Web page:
Arnett J. Brown Jr., head of union representing school principals, dies

October 23, 1990

Arnett J. Brown Jr., the tart-tongued president of the public school principals' union in Baltimore, died yesterday of cancer at Baltimore County General Hospital in Randallstown.

Mr. Brown, who was 62, was a native of Baltimore and had worked for the Baltimore school system since graduating from Coppin College in 1950. He thought of himself as someone who came up through the "old school," and he was one of those veterans who never lost sight of his main job: promoting the welfare of his students.

A large man with a booming voice that could nevertheless rise to a high pitch when just the right note of incredulity was required, he had a special knack for turning a phrase -- particularly when his union was in the midst of contract negotiations.

A common theme was the failings of the management staff in the central office.

"You are about the business of making an educational desert of our school system," he once declared at a school board meeting. His was the kind of blunt language that is rarely heard in such forums.

Yet Mr. Brown became a staunch defender of Superintendent Richard C. Hunter when Dr. Hunter came under fire from critics outside the school system, and Mr. Brown's union -- the Public School Administrators and Supervisors Association -- never proved to be intractable over major issues.

It offered no more than a token objection in 1989 when Dr. Hunter reassigned and demoted many of its members working at the North Avenue headquarters.

And when Mayor Kurt L. Schmoke summoned Baltimore's principal corps to City Hall to demand that they take responsibility for improving their schools, Mr. Brown was irritated and tried to play down the importance of the meetings, but ultimately he went along.

Mr. Brown was principal at Cherry Hill Middle School, which serves the residents of the public housing project on the south bank of the Middle Branch. He brought to the school order, discipline, and, many believed, a sense of purpose.

A graduate of Frederick Douglass High School and Coppin, he took his first teaching job at Luther Craven Mitchell Primary Elementary School in East Baltimore in September 1950. He received a master's degree from Syracuse University in 1964 and was made an assistant principal in 1971. In 1972 he was appointed principal of the Alicia Crossland School, located in what is now the system's headquarters building. He transferred to what was then Cherry Hill Junior High in 1976.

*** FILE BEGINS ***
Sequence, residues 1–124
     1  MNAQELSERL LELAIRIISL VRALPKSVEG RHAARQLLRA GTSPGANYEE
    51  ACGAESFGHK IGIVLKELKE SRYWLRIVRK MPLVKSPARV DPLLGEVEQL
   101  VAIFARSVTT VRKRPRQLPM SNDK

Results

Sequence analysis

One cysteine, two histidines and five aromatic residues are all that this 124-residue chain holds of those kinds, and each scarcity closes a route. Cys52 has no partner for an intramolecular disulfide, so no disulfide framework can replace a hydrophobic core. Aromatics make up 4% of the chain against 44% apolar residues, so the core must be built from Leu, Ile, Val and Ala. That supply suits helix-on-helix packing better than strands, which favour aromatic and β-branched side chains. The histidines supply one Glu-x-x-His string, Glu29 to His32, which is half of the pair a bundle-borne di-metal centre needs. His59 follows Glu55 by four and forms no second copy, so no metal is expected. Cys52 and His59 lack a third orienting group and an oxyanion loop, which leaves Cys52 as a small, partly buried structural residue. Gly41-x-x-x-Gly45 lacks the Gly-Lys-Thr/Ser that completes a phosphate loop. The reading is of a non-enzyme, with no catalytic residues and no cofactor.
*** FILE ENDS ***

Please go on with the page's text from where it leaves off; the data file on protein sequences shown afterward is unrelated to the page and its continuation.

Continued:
He was serving his third term as president of the union.

"He was very much a friend to the superintendent and the school system, although he represented his association very well," said Douglas J. Neilson, the system's head of public relations.

Mr. Brown was a member of Sharon Baptist Church, Phi Delta Kappa, and the National Association of Secondary School Principals.

Outside school hours, he was fond of building models, clocks, dollhouses and other crafts, and also had an interest in photography.

He and his wife, the former Marcia Parks, were married in 1969 and lived in Forest Park.

Besides Mrs. Brown, he is survived by his mother, Virginia L. Brown; a sister, Elaine Brown Page; three daughters, Dawn E. Brown, Arnetta V. Brown and Lauren M. Brown; a son, Arnett J. Brown III; and a granddaughter. All are of Baltimore.

The funeral will be held at noon Thursday at Sharon Baptist Church, at Presstman and Stricker streets.

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